||3R01CA102042-05S1 Interpret this number
||University Of Southern California
||A Genetic Linkage Study of Testicular Cancer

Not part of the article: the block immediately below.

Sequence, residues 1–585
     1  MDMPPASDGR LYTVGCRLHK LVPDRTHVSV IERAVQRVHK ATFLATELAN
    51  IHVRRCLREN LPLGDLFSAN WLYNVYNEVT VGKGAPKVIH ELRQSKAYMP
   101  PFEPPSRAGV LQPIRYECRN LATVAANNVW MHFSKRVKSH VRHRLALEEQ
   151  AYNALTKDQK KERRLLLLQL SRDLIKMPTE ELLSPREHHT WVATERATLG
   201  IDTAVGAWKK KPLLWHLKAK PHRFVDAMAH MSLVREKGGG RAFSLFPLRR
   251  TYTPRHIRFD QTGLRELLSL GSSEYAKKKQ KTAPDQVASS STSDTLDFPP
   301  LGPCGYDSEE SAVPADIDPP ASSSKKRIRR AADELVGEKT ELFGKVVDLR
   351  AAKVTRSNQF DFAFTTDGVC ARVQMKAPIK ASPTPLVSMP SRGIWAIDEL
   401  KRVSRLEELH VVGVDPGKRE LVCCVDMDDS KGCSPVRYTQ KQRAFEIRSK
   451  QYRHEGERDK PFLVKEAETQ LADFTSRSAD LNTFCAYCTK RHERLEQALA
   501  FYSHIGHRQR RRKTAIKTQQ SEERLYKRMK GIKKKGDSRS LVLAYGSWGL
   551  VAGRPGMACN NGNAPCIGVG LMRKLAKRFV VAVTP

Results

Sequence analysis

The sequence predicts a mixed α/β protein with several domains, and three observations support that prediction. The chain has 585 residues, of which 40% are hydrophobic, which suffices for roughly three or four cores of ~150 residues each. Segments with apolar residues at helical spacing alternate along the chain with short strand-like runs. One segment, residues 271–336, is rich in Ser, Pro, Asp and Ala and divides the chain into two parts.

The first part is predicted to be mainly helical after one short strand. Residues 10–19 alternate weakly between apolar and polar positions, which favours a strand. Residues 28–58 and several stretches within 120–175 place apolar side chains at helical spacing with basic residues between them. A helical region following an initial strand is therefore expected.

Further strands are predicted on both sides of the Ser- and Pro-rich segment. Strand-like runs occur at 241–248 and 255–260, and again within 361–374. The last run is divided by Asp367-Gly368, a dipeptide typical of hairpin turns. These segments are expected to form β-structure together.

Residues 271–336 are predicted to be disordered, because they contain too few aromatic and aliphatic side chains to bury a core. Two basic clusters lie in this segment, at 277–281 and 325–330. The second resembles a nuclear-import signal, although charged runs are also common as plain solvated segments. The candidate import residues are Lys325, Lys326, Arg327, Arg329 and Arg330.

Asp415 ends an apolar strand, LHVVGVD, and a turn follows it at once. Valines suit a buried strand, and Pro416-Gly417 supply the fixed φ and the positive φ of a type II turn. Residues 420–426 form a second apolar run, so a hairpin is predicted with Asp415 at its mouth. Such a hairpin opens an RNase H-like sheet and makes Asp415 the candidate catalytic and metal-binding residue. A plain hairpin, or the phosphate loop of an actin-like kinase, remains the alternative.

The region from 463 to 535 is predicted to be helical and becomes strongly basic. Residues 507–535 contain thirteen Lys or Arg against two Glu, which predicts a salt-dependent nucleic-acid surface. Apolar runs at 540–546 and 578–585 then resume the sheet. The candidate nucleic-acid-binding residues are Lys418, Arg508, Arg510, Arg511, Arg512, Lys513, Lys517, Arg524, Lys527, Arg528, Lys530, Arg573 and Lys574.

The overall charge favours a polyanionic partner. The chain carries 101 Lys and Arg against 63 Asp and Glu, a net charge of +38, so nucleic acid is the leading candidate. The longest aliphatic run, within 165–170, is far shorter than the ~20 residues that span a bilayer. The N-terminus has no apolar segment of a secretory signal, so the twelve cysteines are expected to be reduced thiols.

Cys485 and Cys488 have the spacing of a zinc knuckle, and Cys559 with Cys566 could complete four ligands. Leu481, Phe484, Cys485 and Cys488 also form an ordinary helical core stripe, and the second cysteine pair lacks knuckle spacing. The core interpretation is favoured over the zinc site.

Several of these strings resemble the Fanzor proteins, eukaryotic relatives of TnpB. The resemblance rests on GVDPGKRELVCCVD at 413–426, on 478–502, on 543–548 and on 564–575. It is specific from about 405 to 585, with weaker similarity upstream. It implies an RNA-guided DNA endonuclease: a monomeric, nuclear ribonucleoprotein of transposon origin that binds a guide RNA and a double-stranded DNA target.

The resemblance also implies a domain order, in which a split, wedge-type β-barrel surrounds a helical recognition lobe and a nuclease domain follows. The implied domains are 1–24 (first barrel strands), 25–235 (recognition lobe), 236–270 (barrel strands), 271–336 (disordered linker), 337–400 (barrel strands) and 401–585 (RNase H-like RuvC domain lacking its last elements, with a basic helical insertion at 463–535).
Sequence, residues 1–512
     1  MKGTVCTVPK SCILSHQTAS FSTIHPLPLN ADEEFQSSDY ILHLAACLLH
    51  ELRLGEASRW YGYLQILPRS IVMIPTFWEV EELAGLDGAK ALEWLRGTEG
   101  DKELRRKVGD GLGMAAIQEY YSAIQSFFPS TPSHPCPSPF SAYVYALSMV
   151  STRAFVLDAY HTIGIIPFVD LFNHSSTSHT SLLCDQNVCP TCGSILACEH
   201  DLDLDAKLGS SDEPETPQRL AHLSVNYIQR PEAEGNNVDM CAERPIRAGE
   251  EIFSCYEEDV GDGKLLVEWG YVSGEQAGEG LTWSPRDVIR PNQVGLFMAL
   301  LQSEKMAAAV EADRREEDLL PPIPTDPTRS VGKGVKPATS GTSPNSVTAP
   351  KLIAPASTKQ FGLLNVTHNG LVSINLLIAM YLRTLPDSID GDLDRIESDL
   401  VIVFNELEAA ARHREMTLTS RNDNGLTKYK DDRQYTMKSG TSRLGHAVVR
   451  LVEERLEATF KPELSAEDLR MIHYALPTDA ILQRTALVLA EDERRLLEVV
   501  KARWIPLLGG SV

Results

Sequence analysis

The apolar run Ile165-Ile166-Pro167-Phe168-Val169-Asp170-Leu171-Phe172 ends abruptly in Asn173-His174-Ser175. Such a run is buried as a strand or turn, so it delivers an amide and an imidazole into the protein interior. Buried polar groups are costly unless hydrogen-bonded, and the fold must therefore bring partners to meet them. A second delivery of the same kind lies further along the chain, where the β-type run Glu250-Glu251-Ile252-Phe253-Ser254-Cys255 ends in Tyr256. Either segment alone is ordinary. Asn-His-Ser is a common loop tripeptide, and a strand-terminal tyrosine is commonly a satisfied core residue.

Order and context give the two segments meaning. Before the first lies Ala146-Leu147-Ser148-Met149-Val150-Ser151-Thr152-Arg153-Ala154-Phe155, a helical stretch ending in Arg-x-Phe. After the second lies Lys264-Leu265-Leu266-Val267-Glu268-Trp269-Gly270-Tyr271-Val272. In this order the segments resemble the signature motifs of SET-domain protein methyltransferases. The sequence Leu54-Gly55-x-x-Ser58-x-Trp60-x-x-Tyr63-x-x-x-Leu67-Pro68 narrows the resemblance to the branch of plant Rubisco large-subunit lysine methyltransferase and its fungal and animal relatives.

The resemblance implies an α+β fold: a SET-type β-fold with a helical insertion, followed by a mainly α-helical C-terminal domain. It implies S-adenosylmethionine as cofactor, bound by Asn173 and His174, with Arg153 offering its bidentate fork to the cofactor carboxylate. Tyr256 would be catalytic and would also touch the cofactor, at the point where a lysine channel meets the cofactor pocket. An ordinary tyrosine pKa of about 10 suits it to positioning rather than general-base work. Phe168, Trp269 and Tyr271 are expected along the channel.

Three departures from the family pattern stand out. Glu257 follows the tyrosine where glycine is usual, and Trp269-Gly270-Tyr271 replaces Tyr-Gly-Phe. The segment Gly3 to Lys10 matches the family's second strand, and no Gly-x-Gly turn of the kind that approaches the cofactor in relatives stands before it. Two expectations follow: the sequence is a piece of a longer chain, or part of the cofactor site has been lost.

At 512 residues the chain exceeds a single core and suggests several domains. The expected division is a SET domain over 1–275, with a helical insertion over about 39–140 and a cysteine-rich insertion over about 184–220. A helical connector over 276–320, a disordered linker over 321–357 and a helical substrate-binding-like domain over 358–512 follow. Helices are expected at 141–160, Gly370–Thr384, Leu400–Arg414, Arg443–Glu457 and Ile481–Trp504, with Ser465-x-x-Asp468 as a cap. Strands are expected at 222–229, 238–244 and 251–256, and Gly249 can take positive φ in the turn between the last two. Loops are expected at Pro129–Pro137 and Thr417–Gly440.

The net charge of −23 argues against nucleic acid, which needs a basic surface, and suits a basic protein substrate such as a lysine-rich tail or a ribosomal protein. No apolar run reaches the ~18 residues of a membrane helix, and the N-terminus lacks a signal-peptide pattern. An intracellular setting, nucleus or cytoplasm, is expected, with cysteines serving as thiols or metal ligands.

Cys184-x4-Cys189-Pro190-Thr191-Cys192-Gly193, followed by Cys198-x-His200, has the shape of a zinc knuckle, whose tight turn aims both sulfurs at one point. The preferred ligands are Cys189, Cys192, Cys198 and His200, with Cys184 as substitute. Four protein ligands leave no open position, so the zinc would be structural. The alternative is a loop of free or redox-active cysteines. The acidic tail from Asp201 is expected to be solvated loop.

DESCRIPTION (provided by applicant): Testicular cancer is a disease of very young men. Until recently, it was the leading cancer among men aged 15-29, and it is now second only to the AIDS-related neoplasm, Kaposi's sarcoma. Although survival has improved, young men still die from this neoplasm, and many survivors live most of their adult years with very undesirable consequences of their disease. The steady rise in incidence of this group of tumors needs to be explained, and is made all the more alarming by the possibility that the set of factors responsible for increasing incidence rates of testicular cancer may also be causing a poorly measured increase in the prevalence of various urogenital malformations in male infants. The two established risk factors are family history of testis cancer (relative risk of 10 for brothers) and a personal history of cryptorchidism or congenitally undescended testicles (relative risk 2.5-18). Familial risk, segregation analysis and preliminary linkage analyses suggest that major susceptibility genes predispose to testis cancer and possibly to the antecedent condition cryptorchidism. Linkage analysis of 180 families conducted by the International Testis Cancer Linkage Consortium (ITCLC) identified a region of Xq27 with significant evidence for linkage, with a pattern of occurrence suggesting that a gene in the region, TGCT1, confers risk of both testis cancer and cryptorchidism. We have identified and partially enrolled a population- based sample of 301 multiple case families informative for genetic linkage analysis of testis cancer and cryptorchidism. To search for major susceptibility genes, we propose to complete enrollment of a full set of 497 such families; contribute to the ongoing effort to clone TGCT; and conduct a two-stage genome scan among this series of 497 families in which we will collaborate with the ITCLC both to identify regions to be studied in the second, fine mapping stage, and to implement fine mapping efforts. The 497 enrolled families will be the largest set of informative families assembled, and this research should substantially accelerate discovery of genes predisposing to these conditions. Because this is a population-based study, the resource assembled in the proposed research will be appropriate for immediate gene characterization upon identification and cloning of major susceptibility genes for these conditions.
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